A medical test known as a bone marrow evaluation is given to cancer patients in order to analyze the bone marrow, which is the soft tissue found inside the bones, for any indications of malignancy. This process assists medical professionals in determining whether or not the cancer has spread to the patient’s bone marrow and assists in guiding decisions on the patient’s treatment.
The following circumstances usually lead to a bone marrow examination for cancer patients:
Diagnosis: BMT evaluations are performed to establish the presence of cancer and determine its exact kind in patients presenting with symptoms suggestive of the disease, such as unexplained anaemia, odd blood cell counts, or bone pain.
Staging: A bone marrow biopsy may be carried out as part of the staging procedure in order to assess the degree of cancer's metastasis, particularly in blood-related malignancies such as leukaemia or lymphoma.
Treatment Planning: Physicians may evaluate a patient's bone marrow in order to monitor the course of the malignancy, determine how well a patient is responding to current treatment and adjust course of action as necessary.
Verification of Remission: Following therapy, a bone marrow examination can verify if the patient is in remission or whether cancer cells are still present.
Relapse detection: This method is used to identify cancer patients who have undergone prior treatment for the disease when it recurs.
The kind and stage of the cancer, the patient's reaction to treatment, and the overall treatment plan decided upon by the medical team all influence the precise timing and frequency of bone marrow assessments.
Evaluation of bone marrow typically involves two procedures: bone marrow aspiration and bone marrow biopsy. Typically, these procedures are performed concurrently to provide comprehensive data. Here's how they're completed:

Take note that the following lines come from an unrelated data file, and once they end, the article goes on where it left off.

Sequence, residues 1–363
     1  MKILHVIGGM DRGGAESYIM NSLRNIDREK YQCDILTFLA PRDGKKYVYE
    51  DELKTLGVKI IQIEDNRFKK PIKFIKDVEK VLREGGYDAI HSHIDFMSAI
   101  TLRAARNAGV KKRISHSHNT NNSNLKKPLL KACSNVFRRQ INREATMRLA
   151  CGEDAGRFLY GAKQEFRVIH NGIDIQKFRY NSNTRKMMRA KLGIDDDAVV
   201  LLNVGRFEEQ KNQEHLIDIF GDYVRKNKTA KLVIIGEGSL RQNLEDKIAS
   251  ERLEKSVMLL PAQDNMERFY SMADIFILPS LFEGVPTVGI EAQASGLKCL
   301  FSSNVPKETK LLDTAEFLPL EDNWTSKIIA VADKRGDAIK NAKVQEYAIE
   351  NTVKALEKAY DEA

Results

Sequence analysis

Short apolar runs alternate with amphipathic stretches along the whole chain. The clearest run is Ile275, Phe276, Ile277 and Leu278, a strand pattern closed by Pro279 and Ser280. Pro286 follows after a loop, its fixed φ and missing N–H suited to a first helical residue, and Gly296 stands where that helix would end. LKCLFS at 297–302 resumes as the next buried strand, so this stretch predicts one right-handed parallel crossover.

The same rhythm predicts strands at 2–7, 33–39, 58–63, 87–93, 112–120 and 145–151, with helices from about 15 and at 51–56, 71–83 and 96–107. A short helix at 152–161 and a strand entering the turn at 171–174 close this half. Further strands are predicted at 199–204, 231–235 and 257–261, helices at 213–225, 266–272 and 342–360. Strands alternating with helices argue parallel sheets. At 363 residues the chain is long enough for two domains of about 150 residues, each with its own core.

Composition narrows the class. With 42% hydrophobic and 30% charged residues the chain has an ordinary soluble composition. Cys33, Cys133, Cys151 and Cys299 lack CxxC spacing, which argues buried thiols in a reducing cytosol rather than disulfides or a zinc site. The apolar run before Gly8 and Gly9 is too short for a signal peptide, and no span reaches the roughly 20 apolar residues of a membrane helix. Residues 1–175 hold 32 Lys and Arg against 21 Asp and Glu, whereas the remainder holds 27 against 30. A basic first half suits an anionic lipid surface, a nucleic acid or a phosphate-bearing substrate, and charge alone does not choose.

Typically, the patient rests on their side or abdomen.
The site (typically the iliac crest or sternum) is cleansed and numbed with a local anaesthetic.
Then, a narrow, hollow needle is inserted into the bone.
Attaching a syringe to the catheter, the liquid portion of the bone marrow is extracted (marrow aspirate). This fluid contains blood and blood-forming cells in their embryonic stages.
The sample will be analysed in a laboratory.
After the aspiration, a larger needle is typically used to remove a small nucleus of solid bone marrow tissue from the same location.
This biopsy provides a sample of the patient's actual bone marrow tissue, which is necessary for a more thorough examination.
The biopsy sample is also analysed in the laboratory.
A bone marrow test, consisting of bone marrow aspiration and biopsy, may be necessary in a variety of medical circumstances, particularly when the presence of certain conditions or diseases is suspected. The following are common motivations for conducting a bone marrow test:
A bone marrow test can be used to examine the cells within your bone marrow. Inside of your bones is the spongy bone marrow, which produces blood cells.
To ascertain whether cancerous cells exist in the bone marrow one may be used to evaluate the efficacy of your treatment.
A small area of the hip is numbed with a local anaesthetic injection. A needle is inserted into your hip as the specialist extracts bone marrow. The exam lasts approximately 30 minutes. Within two weeks, you should receive the results.
Examples of potential adverse effects include bruising, haemorrhage, discomfort, infection, and tingling in the legs.